Why would the story of Philippe Petit’s criminal and magnificent wire-walk at the top of the Twin Towers of the World Trade Center need to be told again when we already have James Marsh’s Oscar-winning documentary Man on Wire? The answer proposed by Robert Zemeckis’s The Walk is that a Hollywood studio budget can allow him to recreate the death-defying stunt in magnificent 3D. And truth be told, there is no denying that the movie’s wire-walking climax is a truly outstanding sequence. I’m particularly susceptible to heights (deathly afraid of them), but this 110 stories-high walk, as rendered by Zemeckis and his team, will provide enough tension to alarm even the bravest of daredevils. It’s truly a shame, then, that such an outstanding sequences would be surrounded by ninety minutes of unacceptably bad filmmaking.
According to its closing credits, The Walk is based exclusively on Petit’s autobiographical book To Reach the Clouds, which is ironic considering its structure is so similar to that of Man on Wire. It opens with Joseph Gordon-Levitt (who plays Petit) talking directly to the camera from atop the Statue of Liberty, a device that I suspect is meant to represent him warming up the audience like he would a group of people gathered to watch him perform on a street corner, but does feel an awful lot like documentary narration. Why stick so close to Man on Wire‘s aesthetics when you already have to convince people there is room in this world for two movies on the same subject?
I don’t think the similarities are fueled by any kind of insincere desire to mine elements that worked so well for the documentary, but by sheer incompetence. The Walk tells Petit’s story in the most -for the lack of a better term- basic way it possibly can. By the fifteen minute mark, the movie has already has allowed itself the three weakest story-telling devices a movie could possibly indulge in: framing device, narration, and flashback. Three devices that can certainly be used to great effect, but rarely are (a great example of framing device and narration working beautifully would be The Grand Budapest Hotel).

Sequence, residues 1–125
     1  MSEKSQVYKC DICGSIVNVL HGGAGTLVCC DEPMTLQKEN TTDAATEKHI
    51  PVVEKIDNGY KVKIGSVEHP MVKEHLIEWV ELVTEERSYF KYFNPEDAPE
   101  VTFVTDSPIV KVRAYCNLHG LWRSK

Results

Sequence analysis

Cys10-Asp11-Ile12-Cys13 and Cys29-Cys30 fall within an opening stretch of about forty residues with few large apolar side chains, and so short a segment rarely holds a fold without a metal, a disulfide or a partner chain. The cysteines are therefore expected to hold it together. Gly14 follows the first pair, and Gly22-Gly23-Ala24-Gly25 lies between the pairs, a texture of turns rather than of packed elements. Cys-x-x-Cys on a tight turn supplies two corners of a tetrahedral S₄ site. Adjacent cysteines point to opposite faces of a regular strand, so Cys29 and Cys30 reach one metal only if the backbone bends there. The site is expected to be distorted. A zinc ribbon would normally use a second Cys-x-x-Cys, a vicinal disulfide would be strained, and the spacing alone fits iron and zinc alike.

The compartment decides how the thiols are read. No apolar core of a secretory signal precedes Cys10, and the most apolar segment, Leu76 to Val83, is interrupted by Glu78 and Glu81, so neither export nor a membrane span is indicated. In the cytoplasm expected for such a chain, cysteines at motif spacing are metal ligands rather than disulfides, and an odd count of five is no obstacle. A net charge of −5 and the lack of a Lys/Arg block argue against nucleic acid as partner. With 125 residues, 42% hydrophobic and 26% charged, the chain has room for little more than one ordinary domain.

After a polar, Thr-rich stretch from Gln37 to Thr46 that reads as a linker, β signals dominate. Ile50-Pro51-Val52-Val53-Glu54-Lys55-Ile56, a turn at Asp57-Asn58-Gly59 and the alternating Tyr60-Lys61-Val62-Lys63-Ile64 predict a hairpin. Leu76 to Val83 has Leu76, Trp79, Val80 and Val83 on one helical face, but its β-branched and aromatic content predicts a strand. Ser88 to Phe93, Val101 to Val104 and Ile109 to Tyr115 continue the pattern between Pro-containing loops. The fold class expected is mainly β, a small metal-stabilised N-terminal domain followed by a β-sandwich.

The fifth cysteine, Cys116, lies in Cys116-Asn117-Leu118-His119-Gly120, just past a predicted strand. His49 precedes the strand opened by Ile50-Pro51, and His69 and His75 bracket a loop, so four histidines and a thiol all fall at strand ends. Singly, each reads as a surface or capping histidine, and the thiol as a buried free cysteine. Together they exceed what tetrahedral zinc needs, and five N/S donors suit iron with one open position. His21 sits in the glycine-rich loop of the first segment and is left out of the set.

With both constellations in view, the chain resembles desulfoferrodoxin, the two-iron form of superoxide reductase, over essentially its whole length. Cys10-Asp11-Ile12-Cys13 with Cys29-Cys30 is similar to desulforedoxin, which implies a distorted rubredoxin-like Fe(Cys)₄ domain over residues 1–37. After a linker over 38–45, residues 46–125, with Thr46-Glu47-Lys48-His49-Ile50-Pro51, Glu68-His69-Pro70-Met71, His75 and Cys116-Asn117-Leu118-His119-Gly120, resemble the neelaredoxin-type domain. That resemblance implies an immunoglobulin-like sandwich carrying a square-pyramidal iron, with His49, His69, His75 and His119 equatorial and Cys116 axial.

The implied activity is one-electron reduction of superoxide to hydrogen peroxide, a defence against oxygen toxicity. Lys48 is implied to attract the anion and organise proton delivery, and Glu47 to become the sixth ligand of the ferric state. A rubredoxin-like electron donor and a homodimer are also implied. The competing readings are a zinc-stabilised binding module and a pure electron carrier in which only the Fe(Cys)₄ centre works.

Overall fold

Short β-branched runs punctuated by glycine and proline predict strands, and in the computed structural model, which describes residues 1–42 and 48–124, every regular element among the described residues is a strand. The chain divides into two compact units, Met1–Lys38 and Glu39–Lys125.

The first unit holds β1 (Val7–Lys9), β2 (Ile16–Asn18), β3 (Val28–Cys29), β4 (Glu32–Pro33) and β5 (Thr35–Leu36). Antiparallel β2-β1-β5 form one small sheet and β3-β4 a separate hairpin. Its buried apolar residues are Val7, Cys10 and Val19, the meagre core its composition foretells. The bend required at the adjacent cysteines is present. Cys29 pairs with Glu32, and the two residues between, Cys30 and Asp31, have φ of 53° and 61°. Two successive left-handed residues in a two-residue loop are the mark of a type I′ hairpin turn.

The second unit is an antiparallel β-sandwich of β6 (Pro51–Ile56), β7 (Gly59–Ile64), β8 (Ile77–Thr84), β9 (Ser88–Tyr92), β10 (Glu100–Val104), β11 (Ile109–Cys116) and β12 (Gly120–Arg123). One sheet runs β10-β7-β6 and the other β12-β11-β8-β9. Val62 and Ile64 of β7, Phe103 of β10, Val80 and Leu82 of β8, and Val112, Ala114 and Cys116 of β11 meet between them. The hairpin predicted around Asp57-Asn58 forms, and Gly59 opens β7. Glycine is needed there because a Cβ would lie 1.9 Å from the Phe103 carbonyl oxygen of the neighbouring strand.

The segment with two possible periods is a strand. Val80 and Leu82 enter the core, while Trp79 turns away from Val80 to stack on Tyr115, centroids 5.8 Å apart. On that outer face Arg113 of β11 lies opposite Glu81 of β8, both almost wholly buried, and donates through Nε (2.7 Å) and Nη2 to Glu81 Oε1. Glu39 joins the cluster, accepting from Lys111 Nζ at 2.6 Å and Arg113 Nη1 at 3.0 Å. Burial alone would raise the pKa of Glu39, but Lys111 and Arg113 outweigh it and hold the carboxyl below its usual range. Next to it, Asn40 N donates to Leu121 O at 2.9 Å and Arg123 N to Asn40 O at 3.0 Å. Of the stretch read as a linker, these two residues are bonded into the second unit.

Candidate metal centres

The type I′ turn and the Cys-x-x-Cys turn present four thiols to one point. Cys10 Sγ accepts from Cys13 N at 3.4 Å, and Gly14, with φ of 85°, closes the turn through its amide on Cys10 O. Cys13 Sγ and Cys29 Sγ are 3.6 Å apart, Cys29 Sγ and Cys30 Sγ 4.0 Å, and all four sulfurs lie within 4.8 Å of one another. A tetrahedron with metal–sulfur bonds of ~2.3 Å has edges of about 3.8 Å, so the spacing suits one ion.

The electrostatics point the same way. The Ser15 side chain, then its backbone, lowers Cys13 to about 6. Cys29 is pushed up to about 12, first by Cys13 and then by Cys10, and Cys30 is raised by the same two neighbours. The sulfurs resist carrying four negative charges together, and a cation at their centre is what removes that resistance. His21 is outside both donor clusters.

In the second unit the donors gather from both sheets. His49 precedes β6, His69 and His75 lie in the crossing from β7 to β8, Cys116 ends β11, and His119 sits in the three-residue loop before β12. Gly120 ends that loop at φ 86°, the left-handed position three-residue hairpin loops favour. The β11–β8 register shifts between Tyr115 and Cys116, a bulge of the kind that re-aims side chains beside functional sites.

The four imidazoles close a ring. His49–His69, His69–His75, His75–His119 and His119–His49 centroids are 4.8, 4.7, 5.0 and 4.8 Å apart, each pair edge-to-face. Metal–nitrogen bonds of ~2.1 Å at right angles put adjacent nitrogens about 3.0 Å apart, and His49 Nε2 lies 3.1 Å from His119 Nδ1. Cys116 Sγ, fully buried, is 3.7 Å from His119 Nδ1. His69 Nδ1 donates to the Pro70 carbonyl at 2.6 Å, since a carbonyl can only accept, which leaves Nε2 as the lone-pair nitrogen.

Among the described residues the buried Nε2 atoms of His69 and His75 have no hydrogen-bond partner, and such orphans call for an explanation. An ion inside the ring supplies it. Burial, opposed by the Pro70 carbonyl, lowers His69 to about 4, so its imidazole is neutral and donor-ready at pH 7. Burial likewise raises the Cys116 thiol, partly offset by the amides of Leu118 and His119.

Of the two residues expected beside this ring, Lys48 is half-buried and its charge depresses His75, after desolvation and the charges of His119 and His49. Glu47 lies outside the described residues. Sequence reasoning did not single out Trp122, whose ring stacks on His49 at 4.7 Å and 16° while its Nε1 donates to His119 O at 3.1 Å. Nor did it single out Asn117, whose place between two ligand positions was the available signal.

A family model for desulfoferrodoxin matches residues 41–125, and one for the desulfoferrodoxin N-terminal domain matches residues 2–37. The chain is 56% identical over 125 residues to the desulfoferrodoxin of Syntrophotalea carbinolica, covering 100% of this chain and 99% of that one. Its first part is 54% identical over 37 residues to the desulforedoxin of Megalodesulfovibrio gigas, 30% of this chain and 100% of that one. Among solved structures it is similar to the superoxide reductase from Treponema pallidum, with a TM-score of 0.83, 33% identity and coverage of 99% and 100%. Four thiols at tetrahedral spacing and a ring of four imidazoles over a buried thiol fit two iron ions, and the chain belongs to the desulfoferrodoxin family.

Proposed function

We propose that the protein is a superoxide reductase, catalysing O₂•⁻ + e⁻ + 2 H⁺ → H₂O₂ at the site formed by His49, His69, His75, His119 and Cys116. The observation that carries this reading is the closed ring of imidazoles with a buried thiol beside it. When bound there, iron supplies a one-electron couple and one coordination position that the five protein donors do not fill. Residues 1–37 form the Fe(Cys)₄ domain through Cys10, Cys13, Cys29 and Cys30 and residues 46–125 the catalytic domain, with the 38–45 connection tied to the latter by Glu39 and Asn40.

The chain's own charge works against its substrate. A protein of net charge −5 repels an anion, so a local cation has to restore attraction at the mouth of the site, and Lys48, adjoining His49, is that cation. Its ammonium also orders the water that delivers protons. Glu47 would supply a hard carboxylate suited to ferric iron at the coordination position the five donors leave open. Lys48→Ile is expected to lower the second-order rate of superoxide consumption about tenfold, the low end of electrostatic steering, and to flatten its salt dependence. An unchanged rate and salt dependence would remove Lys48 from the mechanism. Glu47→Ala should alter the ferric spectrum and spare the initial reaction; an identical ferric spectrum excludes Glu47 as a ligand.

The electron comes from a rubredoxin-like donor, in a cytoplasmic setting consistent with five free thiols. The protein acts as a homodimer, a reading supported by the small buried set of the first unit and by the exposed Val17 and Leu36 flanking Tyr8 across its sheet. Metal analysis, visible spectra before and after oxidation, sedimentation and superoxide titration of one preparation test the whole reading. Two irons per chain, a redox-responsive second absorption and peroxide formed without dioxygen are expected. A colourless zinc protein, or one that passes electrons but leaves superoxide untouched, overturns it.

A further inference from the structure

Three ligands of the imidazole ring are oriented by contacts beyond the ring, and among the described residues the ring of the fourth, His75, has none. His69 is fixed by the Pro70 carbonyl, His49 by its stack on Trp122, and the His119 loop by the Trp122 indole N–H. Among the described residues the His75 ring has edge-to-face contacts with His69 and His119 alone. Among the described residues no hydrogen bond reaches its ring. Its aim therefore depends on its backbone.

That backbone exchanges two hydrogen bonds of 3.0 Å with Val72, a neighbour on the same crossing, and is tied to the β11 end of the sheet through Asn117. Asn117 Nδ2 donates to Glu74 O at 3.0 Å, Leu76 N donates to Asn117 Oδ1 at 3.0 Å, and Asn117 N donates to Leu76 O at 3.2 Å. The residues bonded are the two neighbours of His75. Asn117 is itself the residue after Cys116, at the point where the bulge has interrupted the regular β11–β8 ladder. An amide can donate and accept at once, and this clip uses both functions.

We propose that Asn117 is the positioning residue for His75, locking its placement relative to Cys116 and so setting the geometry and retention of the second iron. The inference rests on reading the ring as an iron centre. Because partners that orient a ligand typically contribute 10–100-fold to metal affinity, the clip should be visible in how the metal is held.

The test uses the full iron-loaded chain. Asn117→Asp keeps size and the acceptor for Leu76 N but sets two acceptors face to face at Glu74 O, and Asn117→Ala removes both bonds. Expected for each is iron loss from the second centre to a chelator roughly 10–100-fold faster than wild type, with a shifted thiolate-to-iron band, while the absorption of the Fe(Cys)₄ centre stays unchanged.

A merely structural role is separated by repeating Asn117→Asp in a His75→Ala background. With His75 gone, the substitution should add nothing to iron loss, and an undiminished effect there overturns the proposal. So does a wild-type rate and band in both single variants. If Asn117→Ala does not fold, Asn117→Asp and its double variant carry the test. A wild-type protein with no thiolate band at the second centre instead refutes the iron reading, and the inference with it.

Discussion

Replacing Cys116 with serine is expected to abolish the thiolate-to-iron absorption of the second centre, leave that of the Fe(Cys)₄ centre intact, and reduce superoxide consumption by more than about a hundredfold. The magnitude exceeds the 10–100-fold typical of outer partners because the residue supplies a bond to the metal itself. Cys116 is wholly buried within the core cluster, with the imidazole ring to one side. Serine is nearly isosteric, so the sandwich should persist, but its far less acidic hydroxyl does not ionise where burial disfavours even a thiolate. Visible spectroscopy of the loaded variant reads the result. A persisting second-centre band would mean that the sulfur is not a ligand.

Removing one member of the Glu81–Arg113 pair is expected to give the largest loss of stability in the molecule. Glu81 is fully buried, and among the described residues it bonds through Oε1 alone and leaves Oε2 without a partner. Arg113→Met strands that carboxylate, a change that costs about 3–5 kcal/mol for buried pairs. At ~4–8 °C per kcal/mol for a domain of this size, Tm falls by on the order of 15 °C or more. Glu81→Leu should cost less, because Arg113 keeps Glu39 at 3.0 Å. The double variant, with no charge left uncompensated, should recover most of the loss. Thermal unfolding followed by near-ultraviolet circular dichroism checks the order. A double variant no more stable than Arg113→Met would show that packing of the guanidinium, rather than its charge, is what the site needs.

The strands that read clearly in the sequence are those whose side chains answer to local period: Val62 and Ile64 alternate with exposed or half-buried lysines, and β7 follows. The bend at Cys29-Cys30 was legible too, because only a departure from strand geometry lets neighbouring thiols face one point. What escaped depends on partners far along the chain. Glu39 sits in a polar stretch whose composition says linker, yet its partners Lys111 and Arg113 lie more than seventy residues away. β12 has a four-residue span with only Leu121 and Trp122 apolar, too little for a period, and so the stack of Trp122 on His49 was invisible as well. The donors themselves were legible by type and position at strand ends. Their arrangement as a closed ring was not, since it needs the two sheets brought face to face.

The Walk uses these devices in the most obvious ways imaginable. Truly, the reason why its first hour is so hard to sit through is the way it runs Petit’s fascination for the tightrope through the assembly line of inspirational stories about eccentric and passionate heroes, giving him a cute love interest (Charlotte Le Bon) and a stern and quirky mentor (Ben Kingsley). The story beats are so familiar you feel you’ve already seen this movie even as you’re watching it, and the aesthetics equally obvious. Zemeckis’s version of France is underscored by romantic French covers of American pop songs, and his New York by tough ’70s rock.
Zemeckis leaves no room for interpretation, everything that can be said will be said, and everything that is said should be taken at face value. This is most obvious in Philippe’s narration, which drains the life out of almost every visual choice based by the movie. There are some suggestive images whose beauty is simply ruined by the excessive over-explanation of the voice-over. The movie is so inelegant that at one point, the very same piece of information is given twice -once by a character, once by narration- within the span of literally one minute. Even the choices that are supposed to be subtle scream out their purpose. When Philippe flies to New York to see the Twin Towers for the first time, for example, the soundtrack plays a song that goes “take me higher and higher”.
Zemeckis’s hand can only produce broad strokes. Thus, the element that could most probably have redeemed the enterprise ends up being the one that suffers the most in comparison to Man on Wire: the characterization of Petit himself. Joseph Gordon-Levitt is a charismatic actor, and his French accent as Petit isn’t nearly as bad as some people would have you believe. The problem is that Petit himself is an incredibly oversized character, whose fervent way of speaking can only be pulled off by the man himself. The words that come off as poetic when spoken by the man himself in the documentary become pure nonsense when spoken by Gordon-Levitt. To be fair, I don’t think any actor could have succeeded at the task.
I’m not a huge Man on Wire fan, but that movie seems to have found exactly the right way to tell this story. Large part of the documentary’s appeal is discovering the extravagant character that is Petit, and realizing how uniquely obsessed he is with his stunts. There are certain characters whose charisma can’t be recreated. The Walk succeeds at capturing the death defying magic of Petit’s greatest stunt, but it fails to capture the essence of the man walking on the wire. For Petit, there was no reason to walk between the towers except that they were there. It’s this sense of freedom that The Walk, trapped by the constrictions of overly literal narrative cinema, simply can’t capture.
Grade: 5 out of 10.